If you are reading this, then you are probably looking for a better solution to a health problem you are dealing with right now. Maybe you have heard of Functional Medicine, but what does it mean? Or maybe you have listened to podcasts or read blogs from others who advocate a functional medicine or integrative medicine approach. Is there a difference between integrative and functional medicine and how is my approach different than other health professionals? Let’s take at look at these points so you can make informed decisions about your healthcare and determine if my style suits your needs.
Functional and Integrative Medicine
Functional Medicine (FM) is a type of health care that seeks to establish normal and healthy function in the body. The process normally starts with collecting comprehensive information about your current health status and your health history. This information is then used to select diagnostic tests that will provide objective information about your body and how it is functioning. This is different than the type of testing used in traditional medicine where the main goal is to determine if you have a disease or not. In functional medicine, we are also interested in identifying disease, but we take it one step further…what is out of balance and not working in your body that is CAUSING the disease or health problem.
Integrative Medicine (IM) is very similar to FM and is a healing-oriented style of medicine that takes into account the whole person. Like FM, it requires a therapeutic relationship between the patient and the doctor. Integrative medicine often combines different forms of treatment styles to achieve optimum health outcomes for the patient.
FM and IM are similar in their approach and often overlap. I consider myself to be both; FM and IM in my philosophy.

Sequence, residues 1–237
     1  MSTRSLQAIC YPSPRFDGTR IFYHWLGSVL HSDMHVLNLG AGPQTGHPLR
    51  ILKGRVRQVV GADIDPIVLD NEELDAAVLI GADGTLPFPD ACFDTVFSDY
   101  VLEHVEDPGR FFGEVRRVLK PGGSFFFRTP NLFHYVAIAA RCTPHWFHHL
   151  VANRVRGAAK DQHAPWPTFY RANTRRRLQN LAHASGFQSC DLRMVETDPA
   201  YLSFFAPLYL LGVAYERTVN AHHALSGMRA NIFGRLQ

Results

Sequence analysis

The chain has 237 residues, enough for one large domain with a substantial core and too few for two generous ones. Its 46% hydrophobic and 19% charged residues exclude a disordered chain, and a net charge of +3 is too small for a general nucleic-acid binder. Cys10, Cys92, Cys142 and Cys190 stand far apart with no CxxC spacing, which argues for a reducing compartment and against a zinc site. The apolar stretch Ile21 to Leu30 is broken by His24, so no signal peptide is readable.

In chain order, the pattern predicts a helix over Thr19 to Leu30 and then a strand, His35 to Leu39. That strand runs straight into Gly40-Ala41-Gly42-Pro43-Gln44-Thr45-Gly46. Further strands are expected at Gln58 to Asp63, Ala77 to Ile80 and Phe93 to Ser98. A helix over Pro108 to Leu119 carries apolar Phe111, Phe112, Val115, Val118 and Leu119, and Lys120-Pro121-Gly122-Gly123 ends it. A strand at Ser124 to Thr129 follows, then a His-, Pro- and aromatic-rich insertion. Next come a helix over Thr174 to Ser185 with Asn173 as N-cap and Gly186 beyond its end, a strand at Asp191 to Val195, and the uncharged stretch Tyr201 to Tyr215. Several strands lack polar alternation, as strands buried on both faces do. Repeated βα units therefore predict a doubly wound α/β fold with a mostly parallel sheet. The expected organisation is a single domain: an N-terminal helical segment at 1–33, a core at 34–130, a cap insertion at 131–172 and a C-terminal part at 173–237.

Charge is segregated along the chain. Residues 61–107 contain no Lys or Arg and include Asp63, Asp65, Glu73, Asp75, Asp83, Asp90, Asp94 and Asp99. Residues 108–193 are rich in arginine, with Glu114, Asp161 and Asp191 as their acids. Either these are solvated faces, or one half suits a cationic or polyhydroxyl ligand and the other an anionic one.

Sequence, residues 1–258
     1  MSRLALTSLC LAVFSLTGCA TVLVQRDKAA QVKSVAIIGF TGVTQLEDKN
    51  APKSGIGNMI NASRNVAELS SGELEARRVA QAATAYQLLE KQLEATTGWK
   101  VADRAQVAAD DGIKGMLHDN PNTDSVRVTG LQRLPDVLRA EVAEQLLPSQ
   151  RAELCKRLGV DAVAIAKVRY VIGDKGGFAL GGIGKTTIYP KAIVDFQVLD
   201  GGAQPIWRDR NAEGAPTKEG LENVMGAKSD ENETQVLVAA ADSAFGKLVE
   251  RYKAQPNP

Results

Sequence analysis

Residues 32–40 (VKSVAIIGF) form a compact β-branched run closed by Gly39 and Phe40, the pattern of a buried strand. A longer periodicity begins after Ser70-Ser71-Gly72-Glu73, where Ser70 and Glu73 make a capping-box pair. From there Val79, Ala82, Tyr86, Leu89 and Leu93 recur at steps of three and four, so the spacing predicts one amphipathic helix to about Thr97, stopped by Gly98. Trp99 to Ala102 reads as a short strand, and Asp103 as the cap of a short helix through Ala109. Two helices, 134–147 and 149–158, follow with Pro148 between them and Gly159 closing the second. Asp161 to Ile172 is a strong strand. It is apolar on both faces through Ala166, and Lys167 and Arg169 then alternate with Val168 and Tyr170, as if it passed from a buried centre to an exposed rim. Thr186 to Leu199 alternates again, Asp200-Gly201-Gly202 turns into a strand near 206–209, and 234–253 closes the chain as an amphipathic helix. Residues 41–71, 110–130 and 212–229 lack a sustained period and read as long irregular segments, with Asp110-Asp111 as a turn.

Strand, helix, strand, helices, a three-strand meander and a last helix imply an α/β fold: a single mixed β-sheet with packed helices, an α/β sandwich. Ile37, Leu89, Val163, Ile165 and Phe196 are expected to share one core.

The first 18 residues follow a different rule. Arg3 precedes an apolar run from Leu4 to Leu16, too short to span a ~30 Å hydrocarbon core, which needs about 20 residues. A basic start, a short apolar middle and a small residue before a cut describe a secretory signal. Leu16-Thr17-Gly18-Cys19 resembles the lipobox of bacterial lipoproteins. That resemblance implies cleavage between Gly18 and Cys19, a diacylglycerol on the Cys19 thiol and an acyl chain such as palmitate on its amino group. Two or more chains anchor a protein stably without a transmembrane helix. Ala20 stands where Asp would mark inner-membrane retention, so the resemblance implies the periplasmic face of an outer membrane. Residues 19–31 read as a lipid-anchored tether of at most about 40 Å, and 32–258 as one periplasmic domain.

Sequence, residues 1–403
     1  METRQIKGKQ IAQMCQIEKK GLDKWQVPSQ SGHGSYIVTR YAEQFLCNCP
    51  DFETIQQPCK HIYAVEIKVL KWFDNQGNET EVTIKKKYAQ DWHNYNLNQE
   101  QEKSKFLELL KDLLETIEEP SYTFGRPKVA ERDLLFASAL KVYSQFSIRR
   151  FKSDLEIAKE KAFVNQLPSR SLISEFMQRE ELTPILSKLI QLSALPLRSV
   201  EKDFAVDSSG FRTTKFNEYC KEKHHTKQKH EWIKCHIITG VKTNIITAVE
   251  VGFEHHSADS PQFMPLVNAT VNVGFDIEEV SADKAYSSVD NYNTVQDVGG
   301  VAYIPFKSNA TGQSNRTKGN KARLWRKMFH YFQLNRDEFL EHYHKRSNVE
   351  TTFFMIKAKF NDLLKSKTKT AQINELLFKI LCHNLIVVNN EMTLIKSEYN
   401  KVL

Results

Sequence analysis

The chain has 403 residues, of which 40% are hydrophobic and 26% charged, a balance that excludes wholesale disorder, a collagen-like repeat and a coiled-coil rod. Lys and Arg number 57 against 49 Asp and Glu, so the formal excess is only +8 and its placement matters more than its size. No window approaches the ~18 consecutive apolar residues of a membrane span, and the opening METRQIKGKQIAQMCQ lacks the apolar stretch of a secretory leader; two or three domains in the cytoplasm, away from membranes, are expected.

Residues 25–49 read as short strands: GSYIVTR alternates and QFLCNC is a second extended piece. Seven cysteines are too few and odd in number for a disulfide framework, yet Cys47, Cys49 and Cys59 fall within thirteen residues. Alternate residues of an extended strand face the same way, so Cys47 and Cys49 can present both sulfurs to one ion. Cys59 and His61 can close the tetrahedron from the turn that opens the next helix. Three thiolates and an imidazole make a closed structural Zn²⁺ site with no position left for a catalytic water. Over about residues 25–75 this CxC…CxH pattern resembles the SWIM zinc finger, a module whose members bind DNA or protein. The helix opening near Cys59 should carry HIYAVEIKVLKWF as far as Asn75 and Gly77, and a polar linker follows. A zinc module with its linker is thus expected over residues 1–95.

I have listed below some of the key attributes of what I consider to be an informed and responsible doctor of IM or FM. They are also my personal beliefs and align with my style of healthcare.
Key attributes and beliefs of a good FM or IM doctor
- Doctor and patient work together in the health restoration process.
- The patient must take responsibility for their current health issue(s).
- Multiple factors influence health including diet, nutrition, lifestyle, genetics, and mindset.
- Both conventional and alternative methods may be required to achieve optimum outcomes.
- Treatment options that are natural and less invasive should be considered first whenever possible.
- Good healthcare is based on information and good science and not stuck in outdated beliefs and procedures.
- Always recommend what is best for the patient; not necessarily what is convenient or covered by health insurance plans…the patient’s health and wellbeing come first.
I believe that each person has unique needs and there is not a “one-size-fits-all” approach to health care. I take the time to find out what the individual is trying to achieve with their health before accepting them for care or making any recommendations.
Sometimes I encounter individuals who are not a good fit for the functional or integrative approach. This often occurs when the individual wants to see dramatic and lasting changes in their health with very little effort on their part. This just isn’t feasible or even reasonable. Becoming well and reversing disease is a process…just like becoming ill was a process. The healing process requires the discovery of what is not working well in your body and changing the conditions of the body so that health can be restored.
I want what is best for you, and that might mean that I am not your best solution. I am committed to doing all I can to help my patients regain their health, but it’s a team effort. I’m on your team if you are ready to start feeling better and turn your health around.
You can feel better, let’s see what we can accomplish together.
I wish you success on your quest for health!
If you would like more information about functional medicine and integrative medicine or Dr. Sexton go to www.napervilleintegratedwellness.com
Do your own research, inform yourself and ask lots of questions. When collecting information, you MUST consider the source. There is no shortage of false, misleading, outdated, profit-driven and utterly biased information in healthcare today; even from the most respected sources and organizations.